Flags We acknowledge the traditional owners of our lands and pay respects to all Elders, past and present.

Athlete drinking water

Aboriginal and Torres Strait Islander communities rethink sugary drinks

Sugary drinks have too much sugar in them. We know our mob drink heaps, with more than half of us drinking sugary drinks almost every daya. All that sugar can make you gain weight which may lead to type 2 diabetes, heart disease and some cancers. We've created a collection of resources and campaign materials for our Community.

Together we can make a real difference to the health of our people. Everything on this site you can use to help cut out sugary drinks for you, your family and Community.

Go on – take the challenge!

aAustralian Bureau of Statistics 2015, Australian Health Survey: Nutrition First Results, available at: http://www.abs.gov.au/


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  • RSD Rumbalara
  • RSD VAHS Michelle Crilly
  • RSD VAHS Darryl Smith
  • Sports Drinks Are Gammin! Montage
  • Sports Drinks are Gammin! Jethro and Keith
  • Sports Drinks are Gammin! Shaun's story
  • Sports Drinks are Gammin! Mikaela and Jacara
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  • Keep chilled water in your fridge in jugs or bottles
  • Carry a water bottle with you
  • Add fresh lemon slices or other pieces of fruit to your water to give it some taste
  • Drink water before you feel thirsty
  • If you're drinking a lot of sugary drinks, start by swapping one for water
  • Have water on your table at dinner time


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  • Kids
  • Kids
  • Kids
  • Kids
  • Kids
  • Kids
  • Kids
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Find out what organisations are doing to promote water over sugary drinks!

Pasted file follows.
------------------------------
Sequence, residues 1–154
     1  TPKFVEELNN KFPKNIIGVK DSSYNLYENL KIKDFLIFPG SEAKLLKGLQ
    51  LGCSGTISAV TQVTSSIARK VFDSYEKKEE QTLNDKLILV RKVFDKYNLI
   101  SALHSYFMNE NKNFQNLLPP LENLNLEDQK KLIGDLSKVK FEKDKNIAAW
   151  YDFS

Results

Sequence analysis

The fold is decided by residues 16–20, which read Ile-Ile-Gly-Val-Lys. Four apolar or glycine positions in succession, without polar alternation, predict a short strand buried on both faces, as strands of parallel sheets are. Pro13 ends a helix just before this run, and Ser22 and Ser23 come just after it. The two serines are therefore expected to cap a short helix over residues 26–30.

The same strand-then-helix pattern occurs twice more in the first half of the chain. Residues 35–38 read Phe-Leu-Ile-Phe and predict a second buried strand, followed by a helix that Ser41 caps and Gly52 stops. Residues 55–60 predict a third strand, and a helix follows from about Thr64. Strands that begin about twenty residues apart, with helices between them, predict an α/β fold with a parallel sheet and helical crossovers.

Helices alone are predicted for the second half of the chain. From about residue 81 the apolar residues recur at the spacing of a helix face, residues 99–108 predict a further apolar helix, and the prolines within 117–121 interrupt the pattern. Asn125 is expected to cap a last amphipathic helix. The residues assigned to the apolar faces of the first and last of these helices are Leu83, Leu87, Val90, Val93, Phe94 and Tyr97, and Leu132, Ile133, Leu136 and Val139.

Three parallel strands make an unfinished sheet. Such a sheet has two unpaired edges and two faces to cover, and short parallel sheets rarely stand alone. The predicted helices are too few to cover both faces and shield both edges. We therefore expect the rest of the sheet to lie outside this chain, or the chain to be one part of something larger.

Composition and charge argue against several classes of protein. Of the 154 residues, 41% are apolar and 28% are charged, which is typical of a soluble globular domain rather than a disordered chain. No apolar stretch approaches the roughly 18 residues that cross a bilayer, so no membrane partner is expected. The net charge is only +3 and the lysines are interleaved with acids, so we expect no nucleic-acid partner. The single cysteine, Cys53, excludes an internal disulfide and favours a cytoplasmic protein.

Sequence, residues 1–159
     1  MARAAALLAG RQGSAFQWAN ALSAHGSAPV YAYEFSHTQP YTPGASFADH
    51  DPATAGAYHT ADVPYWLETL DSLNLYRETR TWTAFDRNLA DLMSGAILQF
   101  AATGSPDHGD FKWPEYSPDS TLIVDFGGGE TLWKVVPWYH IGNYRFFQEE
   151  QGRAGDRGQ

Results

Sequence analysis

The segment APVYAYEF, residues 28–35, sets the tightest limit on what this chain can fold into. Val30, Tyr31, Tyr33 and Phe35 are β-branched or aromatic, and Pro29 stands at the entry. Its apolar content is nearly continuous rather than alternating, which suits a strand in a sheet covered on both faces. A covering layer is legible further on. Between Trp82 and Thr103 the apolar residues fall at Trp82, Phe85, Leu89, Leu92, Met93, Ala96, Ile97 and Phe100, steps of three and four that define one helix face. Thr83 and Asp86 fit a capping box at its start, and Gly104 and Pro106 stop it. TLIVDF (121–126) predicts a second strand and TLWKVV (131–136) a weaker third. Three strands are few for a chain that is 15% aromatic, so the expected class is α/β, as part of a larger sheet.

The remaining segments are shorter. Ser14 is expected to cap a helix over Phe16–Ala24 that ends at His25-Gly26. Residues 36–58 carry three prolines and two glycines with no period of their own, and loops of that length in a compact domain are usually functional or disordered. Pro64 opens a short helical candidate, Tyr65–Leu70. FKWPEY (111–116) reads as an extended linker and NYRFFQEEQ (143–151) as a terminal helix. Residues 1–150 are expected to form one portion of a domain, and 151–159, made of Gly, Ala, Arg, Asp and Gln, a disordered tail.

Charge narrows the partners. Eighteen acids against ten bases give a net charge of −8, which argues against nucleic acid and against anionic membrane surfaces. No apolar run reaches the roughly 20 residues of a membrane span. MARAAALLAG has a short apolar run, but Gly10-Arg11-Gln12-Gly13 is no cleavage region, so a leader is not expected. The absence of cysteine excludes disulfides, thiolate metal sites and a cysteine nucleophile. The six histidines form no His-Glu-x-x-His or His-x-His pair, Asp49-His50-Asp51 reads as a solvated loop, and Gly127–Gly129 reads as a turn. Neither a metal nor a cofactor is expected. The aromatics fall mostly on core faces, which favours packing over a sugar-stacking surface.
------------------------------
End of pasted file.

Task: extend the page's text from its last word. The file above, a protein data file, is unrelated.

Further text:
• Lakes Entrance Aboriginal Health Association have taken the pledge and will be sugary drink free at programs and events.
  • Murray Valley Aboriginal Co-operative have taken the pledge and will be promoting water to community members through events, programs and services.
  • Ramahyuck District Aboriginal Co-operative Sale: On our fridge in the kitchen we have posters of sugar content in sugary drinks. We always have water available for community to access and promote water at health promotion days.
  • Gunditjmara Aboriginal Co-operative: In 2022 we will we be focusing on helping community to maintain a healthy weight, drink water and avoid sugary drinks. This will include videos on social media on the benefits of water and how we can work together to reach our daily intake of water.
  • Perridak Burron Early Learning have taken the pledge and are encouraging children to drink water and bring water in with them every day. We also talk about healthy drinks and how water helps keep our body energised.


  • Nairm Marr Djambana - Frankston Gathering Place have taken the pledge and will be delivering a program for community and will be reinforcing the ‘drink water u mob’ message through the online sessions. When we hold community events we promote and have tap water freely available. We do not give out sugary drinks nor do we allow others to sell or give them out at community events.
  • VAHS: has pledged to hold sugary drink free events for community.